Norman: She’s not a beggar.
Sarah: Maybe not. But it would be stupid to make out she had a very wide choice as regards a possible husband. She’s not—well …
Norman: She’s beautiful.
Sarah: I’m not going to argue. Certainly no-one could describe her as beautiful. I’ll admit she has a great deal of—
Norman: Anybody I love is automatically beautiful.
Sarah: Oh, Norman, don’t be ridiculous.
Norman: Have you never felt that way? Perhaps you’ve never been in love.
That comes from the first scene of Alan Ayckbourn’s Living Together, part of his trilogy The Norman Conquests. Watching the 1977 Thames Television version with someone once, on reaching the line ‘Anybody I love is automatically beautiful’ we both emitted an inarticulate sound that seemed to suggest a strong identification with the sentiment. I hadn’t heard it expressed by anyone else before, but I had certainly thought it myself.
Perhaps you have too. You’re so caught up in the love you feel for someone and the beauty you see in them that you ask yourself, do I love this person because they’re beautiful, or do I find them beautiful because I love them? The two may be so inextricable as to make the question unanswerable.
One of the reasons I like Ayckbourn’s Norman Conquests so much is that the hero (or anti-hero) is an assistant librarian, if not a very professional one.
Ruth: I’m amazed they keep you on.
Norman: I’m a very good librarian, that’s why. I know where the dirty bits are in all the books.
There’s something pathetic about assistant librarians. I don’t know what it is that makes an assistant librarian infinitely more ludicrous than a librarian, but it is the case. If you haven’t been one yourself, you may not have realised it. There aren’t many of us in literature. The only other one I can recall is the protagonist of Kingsley Amis’s world-weary That Uncertain Feeling. So it’s nice to meet an assistant librarian who’s a gigolo, albeit, by his own admission, one trapped in a haystack.
The subject of Norman and Sarah’s conversation at the top of this post, the woman Sarah believes no one could consider beautiful, is Annie. In the TV version, Annie is played by Penelope Wilton. You have to suspend your aesthetic faculties. I mean, any list of the most beautiful people in the world that didn’t include Penelope Wilton in 1977 is one I would refuse to countenance. When I saw it at the Old Vic a few years ago, Annie was played by Jessica Hynes — also beautiful. The role was created on stage by Felicity Kendal. I mean, what?!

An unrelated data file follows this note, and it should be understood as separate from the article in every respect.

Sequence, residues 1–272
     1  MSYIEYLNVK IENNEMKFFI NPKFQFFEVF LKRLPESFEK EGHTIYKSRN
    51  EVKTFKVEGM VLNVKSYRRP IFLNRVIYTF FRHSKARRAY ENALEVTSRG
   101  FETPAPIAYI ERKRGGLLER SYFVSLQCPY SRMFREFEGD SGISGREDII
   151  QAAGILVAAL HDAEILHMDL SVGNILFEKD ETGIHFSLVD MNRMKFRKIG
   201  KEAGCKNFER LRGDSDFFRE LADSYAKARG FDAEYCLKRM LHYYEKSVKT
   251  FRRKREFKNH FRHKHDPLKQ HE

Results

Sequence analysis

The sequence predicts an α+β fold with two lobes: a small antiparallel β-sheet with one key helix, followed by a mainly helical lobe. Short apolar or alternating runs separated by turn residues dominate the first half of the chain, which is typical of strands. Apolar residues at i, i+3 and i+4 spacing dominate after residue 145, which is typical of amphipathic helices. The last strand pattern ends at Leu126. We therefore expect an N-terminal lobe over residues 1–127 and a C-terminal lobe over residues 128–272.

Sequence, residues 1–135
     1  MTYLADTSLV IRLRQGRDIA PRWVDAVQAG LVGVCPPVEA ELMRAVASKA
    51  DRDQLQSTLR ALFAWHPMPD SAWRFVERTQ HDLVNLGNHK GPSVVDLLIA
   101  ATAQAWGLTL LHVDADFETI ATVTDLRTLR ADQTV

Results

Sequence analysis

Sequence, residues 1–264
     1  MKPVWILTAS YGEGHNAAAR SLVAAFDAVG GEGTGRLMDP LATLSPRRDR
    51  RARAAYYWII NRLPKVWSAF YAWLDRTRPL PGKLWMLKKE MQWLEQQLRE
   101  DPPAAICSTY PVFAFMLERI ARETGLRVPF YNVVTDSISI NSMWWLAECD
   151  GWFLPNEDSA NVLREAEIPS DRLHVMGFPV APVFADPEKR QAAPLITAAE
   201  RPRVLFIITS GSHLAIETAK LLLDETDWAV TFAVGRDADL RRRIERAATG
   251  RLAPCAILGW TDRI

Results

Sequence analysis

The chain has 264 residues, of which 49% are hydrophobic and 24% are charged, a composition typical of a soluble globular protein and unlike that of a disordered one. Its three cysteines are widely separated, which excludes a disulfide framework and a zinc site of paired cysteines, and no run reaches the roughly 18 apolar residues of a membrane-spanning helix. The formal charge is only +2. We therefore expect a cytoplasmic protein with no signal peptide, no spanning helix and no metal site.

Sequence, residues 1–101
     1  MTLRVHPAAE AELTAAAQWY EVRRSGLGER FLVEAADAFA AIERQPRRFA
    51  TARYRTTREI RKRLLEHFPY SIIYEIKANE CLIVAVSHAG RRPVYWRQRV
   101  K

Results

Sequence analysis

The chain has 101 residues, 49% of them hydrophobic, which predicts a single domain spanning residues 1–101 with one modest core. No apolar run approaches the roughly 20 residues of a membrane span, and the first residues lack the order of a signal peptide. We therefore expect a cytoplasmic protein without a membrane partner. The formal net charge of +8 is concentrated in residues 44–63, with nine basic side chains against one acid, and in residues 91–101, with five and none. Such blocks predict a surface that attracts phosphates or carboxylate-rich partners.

But beauty is in the eye of the beholder. I was in love with 1970s-era Felicity Kendal when I was ten years old, but it’s statistically possible that she leaves some people unmoved. I’ve been thinking about beauty a lot recently, even more than usual, and partly because of things I’ve read. A recurring motif in John Irving’s novel In One Person is the idea of the democracy of the emotions, having crushes on the wrong people, our inability to choose the people we fall in love with or find beautiful. (Incidentally, if you want a book with a sexy librarian in it, look no further.)
My own conceptions of beauty tend to the unorthodox. Living in Cambridge, you’d expect me to be devoted to King’s College Chapel, wouldn’t you, and it is very nice, yes; but no more beautiful to me than the brutalist architecture of Churchill, where I was a student. A tower block can be as moving as a place of worship.
I’m hardly alone in being turned off by images of homogeneously ‘beautiful’ bodies propagated throughout the media, here anorexic, here pneumatic, but I find even the faces of supposedly beautiful people homogeneous. Amy Adams, Emma Stone, Naomi Watts. I couldn’t pick them out of an identity parade. Even Natalie Portman I struggle with. Carey Mulligan I know, Michelle Williams I’ve just about got the hang of. Prosopagnosia, it’s called. Face blindness. I have the same problem with male actors. I’ve seen Michael Fassbender in Hunger, Inglourious Basterds, Shame, 12 Years a Slave, and still I have no idea what the man looks like.
Perhaps the root of my love for British character actors is their sheer identifiability, then, but I think it’s more than that. It’s not just because I can recognise Roger Livesey or Anton Walbrook that I have to have a sit down whenever I see them. (Generally I’m sitting down already, in fact.) It’s how utterly interesting they look. Is there a more beautiful man in film history than Walter Fitzgerald, I wonder. In every frame of every film he’s in you see honour and decency in his eyes. I’m not sure I’d want to go to bed with him, but he’d probably say the same of me and you can’t have everything.